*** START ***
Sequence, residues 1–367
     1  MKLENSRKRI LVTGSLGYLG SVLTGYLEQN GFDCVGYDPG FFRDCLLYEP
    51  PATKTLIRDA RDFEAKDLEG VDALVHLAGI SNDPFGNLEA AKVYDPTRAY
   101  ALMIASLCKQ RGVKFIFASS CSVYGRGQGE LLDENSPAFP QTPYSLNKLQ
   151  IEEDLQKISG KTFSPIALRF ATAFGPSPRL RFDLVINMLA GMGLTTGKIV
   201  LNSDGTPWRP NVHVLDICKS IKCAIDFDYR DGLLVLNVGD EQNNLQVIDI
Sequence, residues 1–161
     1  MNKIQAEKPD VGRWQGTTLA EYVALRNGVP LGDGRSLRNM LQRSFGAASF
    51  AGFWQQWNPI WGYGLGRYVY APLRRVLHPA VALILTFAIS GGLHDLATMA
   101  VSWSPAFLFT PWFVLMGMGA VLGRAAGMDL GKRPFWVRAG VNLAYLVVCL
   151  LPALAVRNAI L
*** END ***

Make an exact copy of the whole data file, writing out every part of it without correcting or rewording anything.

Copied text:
Sequence, residues 1–367
     1  MKLENSRKRI LVTGSLGYLG SVLTGYLEQN GFDCVGYDPG FFRDCLLYEP
    51  PATKTLIRDA RDFEAKDLEG VDALVHLAGI SNDPFGNLEA AKVYDPTRAY
   101  ALMIASLCKQ RGVKFIFASS CSVYGRGQGE LLDENSPAFP QTPYSLNKLQ
   151  IEEDLQKISG KTFSPIALRF ATAFGPSPRL RFDLVINMLA GMGLTTGKIV
   201  LNSDGTPWRP NVHVLDICKS IKCAIDFDYR DGLLVLNVGD EQNNLQVIDI
Sequence, residues 1–161
     1  MNKIQAEKPD VGRWQGTTLA EYVALRNGVP LGDGRSLRNM LQRSFGAASF
    51  AGFWQQWNPI WGYGLGRYVY APLRRVLHPA VALILTFAIS GGLHDLATMA
   101  VSWSPAFLFT PWFVLMGMGA VLGRAAGMDL GKRPFWVRAG VNLAYLVVCL
   151  LPALAVRNAI L